He was a strong man, but Kate had now really lost her temper, and struggled vigorously, determined he should not gain his end. Three times his lips had rested on her cheek, once he managed to kiss her on the chin, but he could not reach her mouth: she always succeeded in twisting her face away, and not liking to be beaten he put forth all his strength. She staggered backwards and placed one hand on his throat, and with the other strove to catch at his moustache; she had given it a wrench that had brought tears into his eyes, but now he was pinioning her; she could see his big face approaching, and summoning up all her strength she strove to get away, but that moment, happening to tread on her skirt, her feet slipped. He made a desperate effort to sustain her, but her legs had gone between his.

The crash was tremendous. A pile of plates three feet high was sent spinning, a row of salad-bowls was over, and then with a heavy stagger Mr. Lennox went down into a dinner-service, sending the soup-tureen rolling gravely into the next room.

A feeling at first prevailed that some serious accident had happened, but when Kate rose, pale and trembling, from the litter of a bedroom set, and Lennox was lifted out of the dinner-service with nothing apparently worse than a cut hand, a murmur of voices asking the cause of the disaster was heard. But before a word could be said the guide came running towards them. He declared that he would lose his place, and spoke vaguely to those around him of the necessity of suppressing the fact that he had left visitors alone in the storerooms.

Lennox, on the other hand, was very silent. He had evidently received some bad cuts, of which he did not speak. He put his hand to his legs and felt them doubtfully. There was a large gash in his right hand, from which he picked a piece of delf, and as he tied the wound up with a pocket-handkerchief he partly quieted the expostulating guide by assuring him that everything would be paid for. And taking Kate's arm, he hobbled out of the place.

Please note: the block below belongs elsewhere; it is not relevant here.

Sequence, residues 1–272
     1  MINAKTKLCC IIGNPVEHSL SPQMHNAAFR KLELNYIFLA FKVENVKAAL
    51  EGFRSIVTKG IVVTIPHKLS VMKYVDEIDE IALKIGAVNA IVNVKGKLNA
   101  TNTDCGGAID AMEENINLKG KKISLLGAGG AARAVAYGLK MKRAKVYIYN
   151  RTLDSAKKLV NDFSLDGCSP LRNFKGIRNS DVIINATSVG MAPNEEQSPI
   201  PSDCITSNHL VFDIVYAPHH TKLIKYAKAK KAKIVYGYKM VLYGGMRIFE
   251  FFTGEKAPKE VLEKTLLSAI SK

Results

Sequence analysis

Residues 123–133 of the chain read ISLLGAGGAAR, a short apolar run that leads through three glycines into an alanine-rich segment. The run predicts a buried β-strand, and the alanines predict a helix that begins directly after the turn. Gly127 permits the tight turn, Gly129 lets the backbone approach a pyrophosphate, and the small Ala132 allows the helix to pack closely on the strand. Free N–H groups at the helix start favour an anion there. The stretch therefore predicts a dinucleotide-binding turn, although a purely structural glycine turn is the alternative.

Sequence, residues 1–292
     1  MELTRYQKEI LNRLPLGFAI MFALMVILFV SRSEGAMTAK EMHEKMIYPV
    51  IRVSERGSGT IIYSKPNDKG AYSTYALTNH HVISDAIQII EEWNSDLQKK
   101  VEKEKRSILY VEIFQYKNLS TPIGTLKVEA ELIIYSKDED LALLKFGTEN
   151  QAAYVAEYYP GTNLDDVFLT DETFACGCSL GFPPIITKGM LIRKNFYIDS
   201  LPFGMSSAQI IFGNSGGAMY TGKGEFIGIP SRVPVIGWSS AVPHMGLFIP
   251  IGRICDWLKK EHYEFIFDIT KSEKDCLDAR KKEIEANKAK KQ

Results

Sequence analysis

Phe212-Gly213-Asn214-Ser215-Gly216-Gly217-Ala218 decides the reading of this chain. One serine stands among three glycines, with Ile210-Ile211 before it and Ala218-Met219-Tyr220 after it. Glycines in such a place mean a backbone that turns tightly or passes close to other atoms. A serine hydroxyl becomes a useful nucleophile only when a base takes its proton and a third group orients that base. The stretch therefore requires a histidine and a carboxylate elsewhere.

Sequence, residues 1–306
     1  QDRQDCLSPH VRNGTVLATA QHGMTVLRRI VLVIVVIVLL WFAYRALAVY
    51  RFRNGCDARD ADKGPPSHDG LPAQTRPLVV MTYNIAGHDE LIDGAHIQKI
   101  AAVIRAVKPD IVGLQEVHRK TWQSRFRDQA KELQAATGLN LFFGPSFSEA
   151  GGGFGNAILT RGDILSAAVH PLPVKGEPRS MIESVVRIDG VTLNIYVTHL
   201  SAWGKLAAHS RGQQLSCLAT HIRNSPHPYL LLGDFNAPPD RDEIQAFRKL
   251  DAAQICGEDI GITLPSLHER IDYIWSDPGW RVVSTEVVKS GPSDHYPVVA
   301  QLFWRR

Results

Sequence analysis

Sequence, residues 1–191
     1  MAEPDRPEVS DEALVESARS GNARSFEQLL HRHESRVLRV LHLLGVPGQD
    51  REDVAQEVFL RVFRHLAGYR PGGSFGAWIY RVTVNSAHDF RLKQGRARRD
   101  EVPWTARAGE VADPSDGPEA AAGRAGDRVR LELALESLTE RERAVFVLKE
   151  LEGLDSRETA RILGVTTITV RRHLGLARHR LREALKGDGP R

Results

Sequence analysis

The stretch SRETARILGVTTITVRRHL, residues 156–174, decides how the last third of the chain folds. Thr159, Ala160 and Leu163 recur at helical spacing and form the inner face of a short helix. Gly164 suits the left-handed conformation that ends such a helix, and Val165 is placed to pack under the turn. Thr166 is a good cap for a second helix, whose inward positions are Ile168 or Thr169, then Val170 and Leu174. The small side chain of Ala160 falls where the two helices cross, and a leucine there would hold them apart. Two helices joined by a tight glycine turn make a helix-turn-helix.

The suddenness and excitement of the accident had for the moment quenched her angry feelings, and, overwhelmed with pity for the poor wounded hand, she thought of nothing but getting him to a doctor. Indeed, it was not until she heard him telling Mr. Powell in the office that he was subject to fits, and that in striving to hold him up the lady had fallen too, that she remembered how he had behaved, how he had disgraced her. But her mouth was closed, and she listened in amazement to him as he invented detail after detail with surprising dexterity. He did not even hesitate to call in the evidence of the guide, who, in his own interests, was obliged to assent; and when Mr. Powell inquired after the three clergymen, Lennox said that they had left them in the yard after visiting the ovens.

Mr. Powell listened with a look of pity on his face, and began to tell of a poor brother of his who was likewise subject to fits, and, possibly influenced by the remembrance, refused to receive any remuneration for the broken crockery, saying that to a firm like theirs a few plates more or less was of no importance.

And this matter being settled, Lennox hobbled away, leaving a little pool of blood on the floor of the office. She had to lend him her handkerchief, his was now saturated-to tie round his hand: he confessed to a bad cut in the leg, saying he could feel the blood trickling down into his boot, but did not think he needed a doctor. 'A bit of sticking-plaster, dear; I'll get some at the apothecary's. Which is the way?'

'Take the first turn to the right, and you're in Church Street; but there may be bits of the delf in the wound?'

'I shall see to that. But how strong you are; you're like a lion. You mustn't struggle like that next time.'

At the suggestion that there was going to be a next time Kate's face clouded, but she was so alarmed for his safety that it was only for a moment. She had hardly noticed that he called her 'dear'; he used the word so naturally and simply that it touched her with swift pleasure, and was as soon lost in a crowd of conflicting emotions.

The man was coarse and largely sensual, but each movement of his fat hands was protective, every word he uttered was kind, the very intonation of his voice was comforting. He was, in a word, human, and this attracted all that was human in her.